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SCO's Lawsuit Sends a Warning to Linux IS Shops
16 April 2003
George Weiss

Document Type:  Research Note
Note Number:  E-19-7659
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The SCO Group's suit against IBM could be a way to make SCO a more attractive takeover target. Two key questions are whether Linux is safe from encumbrances and how IBM will ensure AIX's future.

What You Need to Know

IS departments using Linux or other open-source code should have an internal process, possibly with advice from their legal departments, to perform due diligence (see Note 1) on the nature and origin of open-source code for possible infringement of patents. System administrators must be admonished to submit open-source code to inspection for potential violation of patents. An open-source quality assurance process should determine and approve allowable code for production systems. Such efforts may slow adoption of Linux in high-end production systems of critical applications.

If IBM is found to be in violation according to the complaint, its options will be to settle on a compromise in damages or to buy out SCO. It is unlikely IBM will acquire SCO and add to an already complex portfolio with SCO's aging OSs, especially with Linux as IBM's mainstream direction. However, IBM is committed to protect its users and maintain Unix license rights. Thus, IBM would opt for a settlement (0.8 probability if the suit is upheld).

Regardless of the outcome of the suit, SCO has lost significant goodwill in the Linux community. SCO's lawsuit can be construed as an attempt to raise shareholder value through claims of intellectual-property infringement or to pressure IBM into an acquisition. If the SCO lawsuit is not upheld, the SCO installed base would face a potentially weakened SCO and should then plan for migration from OpenServer and UnixWare within the next five years.


On 7 March 2003, the SCO Group, which holds all the intellectual property rights to the Unix operating system (OS), filed suit against IBM for more than $1 billion in the State Court of Utah alleging that IBM made "concentrated efforts to improperly destroy the economic value of Unix, particularly Unix on Intel, to benefit IBM's new Linux services business."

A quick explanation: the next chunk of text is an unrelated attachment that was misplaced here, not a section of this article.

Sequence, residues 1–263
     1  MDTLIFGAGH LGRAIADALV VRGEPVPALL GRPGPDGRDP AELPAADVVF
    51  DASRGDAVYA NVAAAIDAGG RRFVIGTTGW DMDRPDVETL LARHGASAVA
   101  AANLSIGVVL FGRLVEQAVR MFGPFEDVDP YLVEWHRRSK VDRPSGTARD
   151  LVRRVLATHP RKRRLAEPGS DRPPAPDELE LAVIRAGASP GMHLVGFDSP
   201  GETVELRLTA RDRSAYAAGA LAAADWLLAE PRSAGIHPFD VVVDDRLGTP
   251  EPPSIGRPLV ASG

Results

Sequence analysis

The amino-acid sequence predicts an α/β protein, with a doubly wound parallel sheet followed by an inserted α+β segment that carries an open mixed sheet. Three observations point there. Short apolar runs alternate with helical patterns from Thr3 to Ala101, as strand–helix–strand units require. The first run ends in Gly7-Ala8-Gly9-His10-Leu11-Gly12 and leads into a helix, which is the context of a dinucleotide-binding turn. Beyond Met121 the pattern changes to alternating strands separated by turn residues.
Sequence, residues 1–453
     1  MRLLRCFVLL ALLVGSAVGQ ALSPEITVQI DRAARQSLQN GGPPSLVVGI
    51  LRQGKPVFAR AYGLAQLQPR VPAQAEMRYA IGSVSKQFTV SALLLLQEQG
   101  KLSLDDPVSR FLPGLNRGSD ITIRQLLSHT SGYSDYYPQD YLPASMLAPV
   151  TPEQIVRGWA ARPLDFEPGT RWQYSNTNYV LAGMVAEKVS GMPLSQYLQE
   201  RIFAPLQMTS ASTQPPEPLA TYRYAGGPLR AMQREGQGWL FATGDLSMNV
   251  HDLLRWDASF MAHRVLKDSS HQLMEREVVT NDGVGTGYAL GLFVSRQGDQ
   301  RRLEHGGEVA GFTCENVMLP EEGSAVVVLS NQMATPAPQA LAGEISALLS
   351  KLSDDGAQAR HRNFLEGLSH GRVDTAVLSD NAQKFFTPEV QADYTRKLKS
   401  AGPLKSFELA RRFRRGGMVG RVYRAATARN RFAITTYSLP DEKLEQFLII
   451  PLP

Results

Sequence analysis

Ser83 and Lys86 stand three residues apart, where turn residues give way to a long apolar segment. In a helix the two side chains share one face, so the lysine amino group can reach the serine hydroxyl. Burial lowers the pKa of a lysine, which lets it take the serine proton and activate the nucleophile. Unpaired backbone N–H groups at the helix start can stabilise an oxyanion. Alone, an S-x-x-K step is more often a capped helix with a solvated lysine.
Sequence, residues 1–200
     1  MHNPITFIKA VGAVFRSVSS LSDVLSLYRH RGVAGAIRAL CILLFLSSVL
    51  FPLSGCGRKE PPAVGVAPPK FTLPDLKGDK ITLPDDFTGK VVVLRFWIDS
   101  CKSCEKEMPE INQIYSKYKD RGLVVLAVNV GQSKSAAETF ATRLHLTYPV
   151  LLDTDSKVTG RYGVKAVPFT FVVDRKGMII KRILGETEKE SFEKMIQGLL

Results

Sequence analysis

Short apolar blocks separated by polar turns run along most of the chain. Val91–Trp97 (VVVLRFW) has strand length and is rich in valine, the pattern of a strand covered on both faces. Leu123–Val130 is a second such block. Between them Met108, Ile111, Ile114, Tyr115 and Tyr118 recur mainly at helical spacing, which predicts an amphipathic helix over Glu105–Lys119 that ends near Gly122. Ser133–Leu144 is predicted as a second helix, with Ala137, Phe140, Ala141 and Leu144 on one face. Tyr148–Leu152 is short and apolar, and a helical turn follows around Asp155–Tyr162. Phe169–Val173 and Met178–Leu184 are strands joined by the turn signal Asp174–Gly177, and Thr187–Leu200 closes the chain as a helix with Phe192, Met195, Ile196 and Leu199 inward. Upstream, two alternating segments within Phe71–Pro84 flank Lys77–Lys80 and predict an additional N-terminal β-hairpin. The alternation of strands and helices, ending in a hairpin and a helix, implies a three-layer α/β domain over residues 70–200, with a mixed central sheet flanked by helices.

The SCO complaint alleges that IBM deliberately undermined and sought to destroy the market value of Unix in the enterprise market to promote Linux. The complaint claims that IBM was privy to trade secrets, in part from the Monterey project, which was aimed at developing an enterprise version of Unix for Intel. The complaint further claims that IBM abandoned Monterey for Linux and contributed Unix code to the open-source community. SCO claims misappropriation of trade secrets, unfair competition and breach of contract.

IBM has stated that its Unix license is expressly worded as "irrevocable and perpetual." However, SCO believes it has grounds to revoke IBM's AIX license contract because IBM made parts of the System V code in AIX available to the open-source community, and SCO claims that "irrevocable and perpetual" only apply if the conditions on misappropriation are not violated.

In addition, SCO has cautioned Linux users who may knowingly or unknowingly have used SCO's shared libraries in enabling Unix applications to run under Linux. Although Linux distributors such as Red Hat are denying this, Red Hat, like most other independent software vendors, uses indemnification clauses in the end-user license agreement to absolve itself from liability or damages based on the content of the software. SCO has indicated that the libraries are available from SCO for $149, or lower with discounts. The most exposed Unix vendor is IBM. Hewlett-Packard has a different type of agreement, according to SCO, but also includes a misappropriation restriction on the source. Sun Microsystems made a buyout, but with an agreement not to make source code available.